Kuwait, which has posted a budget surplus for 16 years in a row, has approved for the third consecutive time a budget with expenses surpassing the income forecasted by the state despite the introduction of several austerity measures to reduce state expenditures.
The financial year begins on April 1 in Kuwait and Finance Minister Anas Al-Saleh said the budget deficit for the year is estimated at $25.9 billion. The government is considering the issuance of international sovereign bonds to finance the deficit but no date has been fixed.
Al-Saleh hinted, in November 2015, that it would be offering around $9.8 billion to international investors at the beginning of this year. The foreign reserves that were accumulated during the glorious days of high oil prices are expected to reduce state borrowing.
Kuwait heavily depends on revenue generated from oil and it is estimated to account for around 88% of the state’s total income. The drastic fall of oil prices from $150 a barrel to around $20 before recovering to around $50 has affected the country’s income. Oil revenues for the 2017-2018 financial year are expected to provide around $38.4 billion. Amid an increase of 36%, the expenses of the country are estimated to be around $75.3 billion which is more than double that amount.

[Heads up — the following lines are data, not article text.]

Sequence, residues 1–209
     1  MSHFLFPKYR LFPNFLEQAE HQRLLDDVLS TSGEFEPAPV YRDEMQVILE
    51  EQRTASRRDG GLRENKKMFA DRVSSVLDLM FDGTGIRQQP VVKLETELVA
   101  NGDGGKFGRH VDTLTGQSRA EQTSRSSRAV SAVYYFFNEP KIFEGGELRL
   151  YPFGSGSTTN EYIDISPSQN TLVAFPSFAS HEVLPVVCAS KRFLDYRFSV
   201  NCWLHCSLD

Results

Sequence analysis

In the previous years, Kuwait built up a sovereign wealth fund worth around $600 billion. The money is invested mostly in the United States, Europe and Asia. The country’s sovereign wealth has already contributed 10% of revenues to the budget.
Meanwhile, a long-term development plan has been launched. Kuwait 2035 vision also dubbed as ‘New Kuwait’ is designed to activate development, boost the economy, diversify productivity, and press ahead with economic and financial reforms through mega projects while giving a leading role to the private sector.